By Joe Wilkinson, Iowa DNR
No doubt about it; 60 grazing goats make a huge dent in an overgrown creek corridor. Two weeks after being turned loose in Ensign Hollow state wildlife area, they have chewed their way through over three acres of giant ragweed, stinging nettles, wild parsnip, poison ivy and just about anything else a land manager does NOT want to see.
It’s opening the eyes of public and private landowners.
“How could a landowner NOT like this? It has too many positives!” queried Eric Boehm, who owns land near Bear Creek, a Clayton County trout stream. Boehm and other landowners, USDA workers and DNR biologists recently checked the progress of the goat experiment.
The results are impressive. On one side of a temporary electric fence, nettles, ragweed and other thick vegetation stood head-high. On the goats’ side, it looked like heavily grazed farm timber. Larger trees had not been on the menu, and much of the grass had been ignored. In between, the undesirable woody vegetation—willow shoots, box elder, buckthorn—was pretty well chewed on…and just stems remained of broadleaf stands; particularly nettles and ragweed.
“You really don’t want to walk through all that stuff,” said DNR fisheries supervisor Mike Steuck; who led the informal tour. “We are trying to open up this area, so folks who want to fish, hunt, trap, bird watch or hike can get through more effectively.”
The area is best known among trout anglers. Rolling through with 60 degree water on this 85 degree summer afternoon, Hewitt Creek is a catch and release, artificial lure only stream. It’s a little out of the way, but that isolation—and 18-inch trout which show up on stream surveys—make it attractive to dedicated anglers. IF they can get to it.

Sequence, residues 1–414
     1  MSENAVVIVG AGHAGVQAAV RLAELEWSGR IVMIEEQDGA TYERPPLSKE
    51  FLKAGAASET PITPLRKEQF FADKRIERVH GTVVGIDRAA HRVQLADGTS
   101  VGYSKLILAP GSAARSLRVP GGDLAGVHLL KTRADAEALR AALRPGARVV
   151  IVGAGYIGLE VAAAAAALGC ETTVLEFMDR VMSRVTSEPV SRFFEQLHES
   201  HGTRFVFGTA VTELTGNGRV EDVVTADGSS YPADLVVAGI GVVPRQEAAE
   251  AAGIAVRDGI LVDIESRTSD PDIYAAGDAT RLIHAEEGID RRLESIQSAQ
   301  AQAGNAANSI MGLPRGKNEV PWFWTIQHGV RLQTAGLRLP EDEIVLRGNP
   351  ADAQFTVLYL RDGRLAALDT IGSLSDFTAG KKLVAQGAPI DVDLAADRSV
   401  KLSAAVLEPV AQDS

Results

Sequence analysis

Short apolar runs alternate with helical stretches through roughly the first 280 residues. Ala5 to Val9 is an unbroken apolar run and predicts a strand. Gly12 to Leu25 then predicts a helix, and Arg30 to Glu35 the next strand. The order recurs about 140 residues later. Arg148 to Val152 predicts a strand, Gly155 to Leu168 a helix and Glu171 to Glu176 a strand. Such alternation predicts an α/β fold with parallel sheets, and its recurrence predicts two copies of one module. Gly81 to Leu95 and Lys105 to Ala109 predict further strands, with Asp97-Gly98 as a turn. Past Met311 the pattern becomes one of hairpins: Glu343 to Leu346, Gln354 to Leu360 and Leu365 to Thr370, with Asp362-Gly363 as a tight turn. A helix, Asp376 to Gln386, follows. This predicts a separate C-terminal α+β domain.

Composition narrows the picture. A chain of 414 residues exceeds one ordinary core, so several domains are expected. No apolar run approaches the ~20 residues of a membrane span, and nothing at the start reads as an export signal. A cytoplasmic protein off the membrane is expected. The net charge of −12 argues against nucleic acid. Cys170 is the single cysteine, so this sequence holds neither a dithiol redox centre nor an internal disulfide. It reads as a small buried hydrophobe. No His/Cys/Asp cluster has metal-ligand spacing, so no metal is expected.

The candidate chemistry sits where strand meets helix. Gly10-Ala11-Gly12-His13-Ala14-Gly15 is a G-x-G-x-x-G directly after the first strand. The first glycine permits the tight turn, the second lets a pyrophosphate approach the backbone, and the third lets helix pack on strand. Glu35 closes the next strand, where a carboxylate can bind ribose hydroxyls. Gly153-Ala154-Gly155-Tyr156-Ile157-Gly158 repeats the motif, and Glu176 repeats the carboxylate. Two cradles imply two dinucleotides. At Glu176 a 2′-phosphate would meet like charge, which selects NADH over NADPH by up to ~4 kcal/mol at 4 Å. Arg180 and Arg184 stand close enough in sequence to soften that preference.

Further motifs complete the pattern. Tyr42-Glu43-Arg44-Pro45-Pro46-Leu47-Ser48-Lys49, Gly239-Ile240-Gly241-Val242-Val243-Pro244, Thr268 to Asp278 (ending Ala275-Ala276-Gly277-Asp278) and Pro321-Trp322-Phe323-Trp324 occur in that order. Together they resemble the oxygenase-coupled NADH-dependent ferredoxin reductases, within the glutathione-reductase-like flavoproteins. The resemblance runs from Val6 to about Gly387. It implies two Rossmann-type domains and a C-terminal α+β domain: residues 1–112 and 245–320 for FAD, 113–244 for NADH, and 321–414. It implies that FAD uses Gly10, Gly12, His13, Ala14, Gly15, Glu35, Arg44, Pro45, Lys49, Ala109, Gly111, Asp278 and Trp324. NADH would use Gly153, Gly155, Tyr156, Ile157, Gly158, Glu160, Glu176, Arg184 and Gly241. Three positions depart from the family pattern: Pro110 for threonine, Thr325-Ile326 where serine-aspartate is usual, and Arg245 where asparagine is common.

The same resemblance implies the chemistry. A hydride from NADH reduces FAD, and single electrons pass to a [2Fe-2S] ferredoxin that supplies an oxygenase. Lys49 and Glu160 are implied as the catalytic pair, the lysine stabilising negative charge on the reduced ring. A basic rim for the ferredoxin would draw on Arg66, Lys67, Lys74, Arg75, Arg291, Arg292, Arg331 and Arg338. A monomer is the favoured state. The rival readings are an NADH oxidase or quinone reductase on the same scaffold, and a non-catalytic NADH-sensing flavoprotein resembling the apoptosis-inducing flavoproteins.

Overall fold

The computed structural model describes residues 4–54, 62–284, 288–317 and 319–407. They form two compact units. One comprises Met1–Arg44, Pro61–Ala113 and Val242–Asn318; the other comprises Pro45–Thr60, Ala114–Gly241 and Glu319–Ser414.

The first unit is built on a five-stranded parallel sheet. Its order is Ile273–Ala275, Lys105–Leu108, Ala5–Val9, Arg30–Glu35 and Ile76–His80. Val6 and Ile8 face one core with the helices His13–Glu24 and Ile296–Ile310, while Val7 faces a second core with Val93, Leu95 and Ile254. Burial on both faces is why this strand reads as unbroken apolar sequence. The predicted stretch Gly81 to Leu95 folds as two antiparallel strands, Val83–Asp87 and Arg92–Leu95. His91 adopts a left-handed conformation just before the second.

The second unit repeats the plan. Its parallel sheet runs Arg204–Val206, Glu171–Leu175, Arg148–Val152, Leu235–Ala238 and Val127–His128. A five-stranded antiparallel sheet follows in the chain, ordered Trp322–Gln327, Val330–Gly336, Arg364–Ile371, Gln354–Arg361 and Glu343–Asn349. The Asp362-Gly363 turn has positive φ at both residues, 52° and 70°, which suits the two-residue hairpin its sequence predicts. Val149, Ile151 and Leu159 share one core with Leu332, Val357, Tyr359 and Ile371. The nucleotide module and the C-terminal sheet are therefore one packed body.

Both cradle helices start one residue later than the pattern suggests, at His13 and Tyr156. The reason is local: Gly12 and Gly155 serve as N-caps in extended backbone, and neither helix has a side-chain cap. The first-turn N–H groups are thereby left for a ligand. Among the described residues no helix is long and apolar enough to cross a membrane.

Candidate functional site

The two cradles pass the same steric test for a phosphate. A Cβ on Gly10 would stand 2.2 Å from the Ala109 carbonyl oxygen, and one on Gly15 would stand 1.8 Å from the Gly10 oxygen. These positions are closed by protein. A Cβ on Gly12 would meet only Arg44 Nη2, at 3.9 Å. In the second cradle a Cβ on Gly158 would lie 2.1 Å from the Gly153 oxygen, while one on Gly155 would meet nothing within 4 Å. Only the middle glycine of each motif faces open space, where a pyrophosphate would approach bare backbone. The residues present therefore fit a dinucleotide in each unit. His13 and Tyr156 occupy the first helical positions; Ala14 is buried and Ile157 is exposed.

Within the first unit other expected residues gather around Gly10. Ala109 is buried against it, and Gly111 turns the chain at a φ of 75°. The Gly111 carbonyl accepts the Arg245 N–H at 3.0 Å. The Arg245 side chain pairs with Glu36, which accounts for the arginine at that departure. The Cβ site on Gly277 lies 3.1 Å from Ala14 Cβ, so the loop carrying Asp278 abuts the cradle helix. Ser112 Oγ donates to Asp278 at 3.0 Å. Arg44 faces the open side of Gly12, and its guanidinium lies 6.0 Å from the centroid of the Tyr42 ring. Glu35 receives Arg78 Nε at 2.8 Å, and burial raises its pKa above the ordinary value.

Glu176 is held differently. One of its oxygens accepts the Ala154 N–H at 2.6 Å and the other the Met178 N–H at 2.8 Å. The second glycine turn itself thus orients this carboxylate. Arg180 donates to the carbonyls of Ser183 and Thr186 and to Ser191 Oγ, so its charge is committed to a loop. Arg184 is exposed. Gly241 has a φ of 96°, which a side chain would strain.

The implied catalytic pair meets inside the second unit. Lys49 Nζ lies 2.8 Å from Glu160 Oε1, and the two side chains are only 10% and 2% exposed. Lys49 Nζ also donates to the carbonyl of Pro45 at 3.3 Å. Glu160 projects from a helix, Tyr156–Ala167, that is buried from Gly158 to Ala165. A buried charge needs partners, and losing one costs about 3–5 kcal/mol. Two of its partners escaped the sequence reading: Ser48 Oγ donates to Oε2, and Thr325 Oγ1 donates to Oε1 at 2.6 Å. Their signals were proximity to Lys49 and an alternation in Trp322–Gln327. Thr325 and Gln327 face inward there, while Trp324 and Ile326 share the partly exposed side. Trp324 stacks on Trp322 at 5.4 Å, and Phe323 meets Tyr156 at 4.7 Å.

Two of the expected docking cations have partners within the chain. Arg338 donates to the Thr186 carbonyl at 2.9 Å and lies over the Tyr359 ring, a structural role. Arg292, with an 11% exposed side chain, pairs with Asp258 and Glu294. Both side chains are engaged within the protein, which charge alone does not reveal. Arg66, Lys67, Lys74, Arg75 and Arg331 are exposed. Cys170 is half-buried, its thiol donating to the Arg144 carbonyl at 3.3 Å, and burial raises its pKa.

Pine Hill Farms owns the goats, two guard donkeys and the electric fence that keeps them inside. The agreement includes a ‘second helping’ later this season, to keep the vegetation knocked back.
The DNR is paying $2,000 for the trial project. Steuck says that compares pretty well to the cost of bringing in equipment and a crew for a few days.
The goats were moved across the stream after a week or so, to chomp their way through the other side of the seven-acre wildlife area. They watched the tour quietly from a wooded area. Occasionally one would walk out—with a mouthful of green—to look things over.
Though still early, the Ensign Hollow experiment suggests a lot of options.
“This could be another tool in our tool box; to keep areas in prairie, versus having succession go to woody vegetation and trees that we cannot actively manage without a lot of manpower,” offers Steuck. “We might use them in areas with hard access; steep banks, rocky shorelines. Goats are sure-footed and can climb up and down that stuff. People can’t.”
Several goat-for-hire companies have arisen across Wisconsin and Iowa. The recurring question Tuesday was, "How much will it cost, with more goats available?"
For now, Hewitt Creek--an area purchased and maintained with fishing and hunting dollars--is open for business again.